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Tunisia: revolutionary death toll revealed

Supporters of the Islamist Ennahdha party carry a placard which reads "The revolution is staying" during a demonstration in support of the Tunisian government on February 27, 2021 in the capital Tunis [FETHI BELAID/AFP via Getty Images]
Supporters of the Islamist Ennahdha party carry a placard which reads "The revolution is staying" during a demonstration in support of the Tunisian government on February 27, 2021 in the capital Tunis [FETHI BELAID/AFP via Getty Images]

The Tunisian government has revealed that the official death toll of the 2011 revolution was 129 people. A further 634 people were injured. The announcement has been described by an independent commission as a "strong indication" of the democratic transformation that took place in the North African country.

The official list of the revolutionary martyrs and wounded, which has been demanded by the families of the victims for years, was released on Friday evening, on the eve of the 65th anniversary of Tunisia's independence.

Abdul Razzaq Kilani, the head of the General Authority of Resistance Fighters and Martyrs and Wounded of the Revolution and Terrorist Attacks, considered the released list as "recognition by the state of the people's sacrifices in order to overthrow the dictatorship" of the late President Zine El Abidine Ben Ali. According to Kilani, the next step is to compensate the victims and their families.

The move also paves the way for about 1,500 people who consider themselves wrongly excluded from the list to file administrative appeals. A preliminary report issued in 2012 indicated that 338 people were killed and 2,147 were injured during the revolution.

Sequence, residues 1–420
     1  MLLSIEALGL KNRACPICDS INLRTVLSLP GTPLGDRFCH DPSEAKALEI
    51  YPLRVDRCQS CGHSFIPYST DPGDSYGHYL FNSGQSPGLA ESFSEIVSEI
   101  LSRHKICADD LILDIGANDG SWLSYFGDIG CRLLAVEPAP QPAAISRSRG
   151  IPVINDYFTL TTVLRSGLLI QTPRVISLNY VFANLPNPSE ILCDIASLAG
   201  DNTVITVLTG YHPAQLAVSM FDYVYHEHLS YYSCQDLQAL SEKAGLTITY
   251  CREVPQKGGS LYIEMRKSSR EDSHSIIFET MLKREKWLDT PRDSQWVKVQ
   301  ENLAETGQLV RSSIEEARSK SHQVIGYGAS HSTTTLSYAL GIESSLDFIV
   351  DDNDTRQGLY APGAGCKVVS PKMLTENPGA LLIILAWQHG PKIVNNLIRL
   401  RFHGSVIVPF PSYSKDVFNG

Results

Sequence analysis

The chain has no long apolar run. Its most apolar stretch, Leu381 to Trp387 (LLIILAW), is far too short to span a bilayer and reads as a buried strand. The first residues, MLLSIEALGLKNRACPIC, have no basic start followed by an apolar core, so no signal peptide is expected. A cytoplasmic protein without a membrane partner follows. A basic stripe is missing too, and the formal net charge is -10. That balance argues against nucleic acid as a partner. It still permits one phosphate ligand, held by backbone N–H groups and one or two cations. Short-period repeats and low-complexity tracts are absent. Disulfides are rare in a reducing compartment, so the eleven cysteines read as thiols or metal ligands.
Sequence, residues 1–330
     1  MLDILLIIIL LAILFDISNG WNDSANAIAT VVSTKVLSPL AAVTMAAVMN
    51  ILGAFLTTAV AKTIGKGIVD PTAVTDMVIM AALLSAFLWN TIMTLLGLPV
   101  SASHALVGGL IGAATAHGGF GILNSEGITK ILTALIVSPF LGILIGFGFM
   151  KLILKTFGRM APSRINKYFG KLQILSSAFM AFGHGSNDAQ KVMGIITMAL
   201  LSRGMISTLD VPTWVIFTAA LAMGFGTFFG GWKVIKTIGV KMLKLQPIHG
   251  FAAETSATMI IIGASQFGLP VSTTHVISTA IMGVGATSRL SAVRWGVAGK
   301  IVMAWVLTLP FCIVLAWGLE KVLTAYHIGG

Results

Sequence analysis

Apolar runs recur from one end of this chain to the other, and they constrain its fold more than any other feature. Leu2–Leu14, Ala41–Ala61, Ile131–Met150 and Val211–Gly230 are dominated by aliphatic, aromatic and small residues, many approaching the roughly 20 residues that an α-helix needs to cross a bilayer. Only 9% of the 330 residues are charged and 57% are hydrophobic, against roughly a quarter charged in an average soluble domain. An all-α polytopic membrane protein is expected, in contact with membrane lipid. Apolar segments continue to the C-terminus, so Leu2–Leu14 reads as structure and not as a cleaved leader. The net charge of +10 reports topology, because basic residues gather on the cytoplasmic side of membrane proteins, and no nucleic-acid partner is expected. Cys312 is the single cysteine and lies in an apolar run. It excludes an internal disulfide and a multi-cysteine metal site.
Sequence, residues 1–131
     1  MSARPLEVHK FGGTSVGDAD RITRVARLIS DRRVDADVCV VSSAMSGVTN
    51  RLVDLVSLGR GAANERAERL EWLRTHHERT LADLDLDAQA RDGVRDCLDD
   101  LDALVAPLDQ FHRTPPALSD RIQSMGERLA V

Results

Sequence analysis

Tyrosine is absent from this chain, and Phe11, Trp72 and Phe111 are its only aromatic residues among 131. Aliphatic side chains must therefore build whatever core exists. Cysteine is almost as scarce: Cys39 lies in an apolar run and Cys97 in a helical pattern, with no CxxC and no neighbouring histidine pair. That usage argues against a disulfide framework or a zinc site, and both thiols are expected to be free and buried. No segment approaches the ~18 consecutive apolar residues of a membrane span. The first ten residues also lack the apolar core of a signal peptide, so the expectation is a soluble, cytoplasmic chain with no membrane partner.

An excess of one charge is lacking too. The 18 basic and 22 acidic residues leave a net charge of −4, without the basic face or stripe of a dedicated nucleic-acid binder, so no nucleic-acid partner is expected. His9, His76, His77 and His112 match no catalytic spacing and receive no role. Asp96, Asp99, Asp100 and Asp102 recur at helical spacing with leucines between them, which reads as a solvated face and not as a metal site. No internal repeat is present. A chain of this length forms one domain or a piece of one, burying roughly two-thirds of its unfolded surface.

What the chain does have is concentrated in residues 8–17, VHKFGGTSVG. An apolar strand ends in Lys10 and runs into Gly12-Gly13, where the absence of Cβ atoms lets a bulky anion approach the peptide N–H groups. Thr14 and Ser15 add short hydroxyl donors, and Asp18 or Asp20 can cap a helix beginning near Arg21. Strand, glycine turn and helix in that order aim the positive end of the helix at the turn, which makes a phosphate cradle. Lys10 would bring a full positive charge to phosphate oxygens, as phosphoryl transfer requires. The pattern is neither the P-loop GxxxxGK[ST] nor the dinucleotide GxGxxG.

READ: Tunisia needs political stability, not a change of government, says Ghannouchi

Sufyan Al-Farhani, a spokesman for Al-Wafaa Association, lost his brother during the revolution. "This list is meaningless," he said, "because it did not result from investigations or trials that pave the way for revealing the circumstances [of the killings]." Publishing the list, he believes, is intended to calm the current social tension, not to do justice to the victims.

The list covers the period of anti-regime protests, during which clashes with security forces erupted between 17 December 2010 and 14 January 2011, when Ben Ali fled to Saudi Arabia. It was actually published by the Higher Committee on Human Rights and Fundamental Freedoms of the Republic of Tunisia in October 2019.

The delay in publishing the list in the Official Gazette reflects the difficulties that the transitional phase has faced. The efforts to achieve justice and national reconciliation have been hindered for years by figures close to the old regime who managed to take part in post-revolution politics.

Transitional justice has resulted in dozens of trials before special courts since 2018 related to violations committed during the dictatorship era, including the killing of protesters in 2011. However, the authorities have blocked access to the archives and names of the defendants in these cases, and no judgment has been issued to date.

Ten years on from the Arab Spring [Mohammed Sabaaneh]

Ten years on from the Arab Spring
[Mohammed Sabaaneh/Middle East Monitor]

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